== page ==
• Amazon case: clearest implementation where the customer had to navigate past the link to the terms of service and it was clear that clicking the order button constituted agreement to the terms. (For what it’s worth, having a separate box that the user must click on that does nothing other than signify assent to the terms is a most conservative practice, but Amazon’s implementation worked out fine.)
  • TransUnion: there was a check the box but it wasn’t clear whether the check the box indicated assent to the terms or assent to conduct the credit check and pass data in connection with this.
  • Pre-paid Legal: the terms of use were referenced on the site but there was no check the box and the terms were buried and not clearly labeled.
  • Sirius: the terms of use were not provided at the time of the transaction and the later-sent terms were not even clear that they were a contract.

All of these cases involved a purchase (or some activation). The safest bet is to allow the customer to access the product, or place the order, only after clicking through and signifying assent to the terms. Every other implementation leaves upon a possible argument that the consumer did not read or agree to the terms. Courts continue to struggle with nomenclature around these cases and I confess to being perplexed after reading through the cases about what agreement fits into what category. As Eric notes below, perhaps it’s time to retire the terminology.

The Sirius case involves a contract mailed after the fact. This seems like a particularly ineffective way to ensure contract creation. Courts have repeatedly bought the argument from consumers that they had no reason to know what they received in the mail was actually a contract. (See, e.g., Kwan v. Clearwire.) Maybe it was not feasible for some reason, but a safer option for Sirius would have been to make consumers read through (or say they read through) the terms as a condition of using the service in the first place.

Eric’s Comments: From a nomenclature standpoint, the Ninth Circuit’s 2014 Nguyen case was a train wreck. The court didn’t understand the differences between a browsewrap and a click-through agreement, leaving the court’s discussion and definitions muddled.

Now, we’re beginning to see lower courts applying the Nguyen’s muddled framework, and the results are predictably not pretty. In the Amazon case, the court says “Amazon’s 2012 Conditions of Use agreement is a hybrid between a clickwrap and a browsewrap agreement.” What??? And in the Savetsky case, the court defines shrinkwrap, clickwrap and browsewrap before concluding: “The circumstances at issue in this case do not fit neatly into any of these categories. Instead LegalShield’s presentation of its terms shares some characteristics with all three.”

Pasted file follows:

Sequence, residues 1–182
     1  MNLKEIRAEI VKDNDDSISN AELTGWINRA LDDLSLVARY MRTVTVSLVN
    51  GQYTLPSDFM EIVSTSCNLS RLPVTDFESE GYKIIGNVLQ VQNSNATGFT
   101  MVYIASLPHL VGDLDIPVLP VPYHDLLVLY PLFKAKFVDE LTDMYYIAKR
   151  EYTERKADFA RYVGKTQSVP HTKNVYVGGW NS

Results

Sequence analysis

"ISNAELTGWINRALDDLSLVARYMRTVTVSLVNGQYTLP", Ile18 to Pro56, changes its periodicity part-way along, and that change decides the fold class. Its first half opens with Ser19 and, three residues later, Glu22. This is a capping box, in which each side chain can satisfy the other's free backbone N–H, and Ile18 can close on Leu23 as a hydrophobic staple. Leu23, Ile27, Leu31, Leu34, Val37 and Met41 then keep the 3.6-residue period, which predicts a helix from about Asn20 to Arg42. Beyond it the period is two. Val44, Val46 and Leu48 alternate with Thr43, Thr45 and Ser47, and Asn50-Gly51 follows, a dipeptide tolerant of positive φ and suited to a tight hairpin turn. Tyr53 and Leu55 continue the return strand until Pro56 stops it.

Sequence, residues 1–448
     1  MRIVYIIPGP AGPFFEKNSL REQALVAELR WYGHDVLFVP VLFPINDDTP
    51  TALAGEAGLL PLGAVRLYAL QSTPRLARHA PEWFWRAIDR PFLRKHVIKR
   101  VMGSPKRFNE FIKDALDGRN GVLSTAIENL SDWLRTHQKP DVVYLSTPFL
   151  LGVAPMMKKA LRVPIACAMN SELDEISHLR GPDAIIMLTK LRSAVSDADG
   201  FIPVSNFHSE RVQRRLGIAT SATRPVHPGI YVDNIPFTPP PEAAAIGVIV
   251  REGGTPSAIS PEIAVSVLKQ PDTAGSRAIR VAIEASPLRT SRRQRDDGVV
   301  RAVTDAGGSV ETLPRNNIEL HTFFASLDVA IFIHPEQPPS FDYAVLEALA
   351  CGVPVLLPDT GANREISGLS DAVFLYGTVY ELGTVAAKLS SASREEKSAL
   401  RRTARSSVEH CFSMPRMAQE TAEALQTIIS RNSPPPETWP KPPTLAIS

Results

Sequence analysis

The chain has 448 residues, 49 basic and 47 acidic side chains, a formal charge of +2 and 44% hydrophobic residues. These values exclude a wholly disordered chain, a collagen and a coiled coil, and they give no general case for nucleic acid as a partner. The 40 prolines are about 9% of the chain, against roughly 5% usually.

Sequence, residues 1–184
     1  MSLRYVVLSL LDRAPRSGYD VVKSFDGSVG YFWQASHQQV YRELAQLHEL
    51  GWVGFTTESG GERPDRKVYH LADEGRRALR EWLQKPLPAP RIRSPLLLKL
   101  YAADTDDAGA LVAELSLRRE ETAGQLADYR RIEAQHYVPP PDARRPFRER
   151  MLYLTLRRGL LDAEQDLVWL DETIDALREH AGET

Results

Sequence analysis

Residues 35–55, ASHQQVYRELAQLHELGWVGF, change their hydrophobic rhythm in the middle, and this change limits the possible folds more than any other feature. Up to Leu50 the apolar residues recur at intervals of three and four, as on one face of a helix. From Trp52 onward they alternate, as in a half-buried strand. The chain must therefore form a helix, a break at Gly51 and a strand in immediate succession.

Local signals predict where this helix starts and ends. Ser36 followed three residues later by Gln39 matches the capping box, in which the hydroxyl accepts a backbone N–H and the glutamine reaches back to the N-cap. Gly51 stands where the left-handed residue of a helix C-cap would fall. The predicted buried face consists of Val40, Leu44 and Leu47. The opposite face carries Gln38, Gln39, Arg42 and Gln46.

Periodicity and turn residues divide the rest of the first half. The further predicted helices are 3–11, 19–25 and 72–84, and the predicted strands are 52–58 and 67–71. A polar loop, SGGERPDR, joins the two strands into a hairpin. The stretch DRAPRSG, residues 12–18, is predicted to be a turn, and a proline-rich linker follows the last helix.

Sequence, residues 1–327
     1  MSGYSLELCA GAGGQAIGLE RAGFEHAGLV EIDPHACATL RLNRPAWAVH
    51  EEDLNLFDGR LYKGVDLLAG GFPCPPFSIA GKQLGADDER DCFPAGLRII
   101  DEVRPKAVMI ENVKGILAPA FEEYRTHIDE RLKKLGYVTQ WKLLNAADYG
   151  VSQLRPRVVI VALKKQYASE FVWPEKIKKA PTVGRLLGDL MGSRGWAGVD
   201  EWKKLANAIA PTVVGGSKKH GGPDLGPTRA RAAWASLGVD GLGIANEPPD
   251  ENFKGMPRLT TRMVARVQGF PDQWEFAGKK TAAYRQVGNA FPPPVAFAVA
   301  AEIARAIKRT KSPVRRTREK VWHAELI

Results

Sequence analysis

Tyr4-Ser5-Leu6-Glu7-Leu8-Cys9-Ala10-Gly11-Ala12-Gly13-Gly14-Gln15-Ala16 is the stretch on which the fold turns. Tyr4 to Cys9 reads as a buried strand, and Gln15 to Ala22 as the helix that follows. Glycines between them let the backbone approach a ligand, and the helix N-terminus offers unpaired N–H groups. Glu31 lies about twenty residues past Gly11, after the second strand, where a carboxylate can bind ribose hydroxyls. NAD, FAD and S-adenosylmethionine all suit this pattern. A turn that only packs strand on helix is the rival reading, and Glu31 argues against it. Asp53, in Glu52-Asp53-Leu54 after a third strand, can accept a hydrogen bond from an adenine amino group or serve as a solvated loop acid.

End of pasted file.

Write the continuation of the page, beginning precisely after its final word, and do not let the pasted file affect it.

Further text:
OK, stop right there. Two courts within a week of each other independently found that the definitions of browsewrap and clickwrap overlapped enough that a single fact pattern could simultaneously qualify as both. That’s not going to work. Overlapping circles in a Venn diagram are recipes for judicial anarchy. Until we fix the nomenclature issue, we’re doomed to see more garbled rulings and more judicial contortions attempting to reconcile Nguyen’s flawed and irreconcilable definitions.

Fortunately, the solutions are easy. NEVER EVER use the term “browsewrap” except to mock it. Indeed, NEVER EVER use the “-wrap” suffix in the contract setting except when describing a true shrinkwrap, i.e., clear plastic wrapped around a physical product. In place of the flawed browsewrap/clickwrap typology, we can use a simple non-overlapping typology for web interfaces: Category A is a click-through presentation where a user clicks while knowing that the click signals assent to the applicable terms; and Category B is everything else, which is not a contract.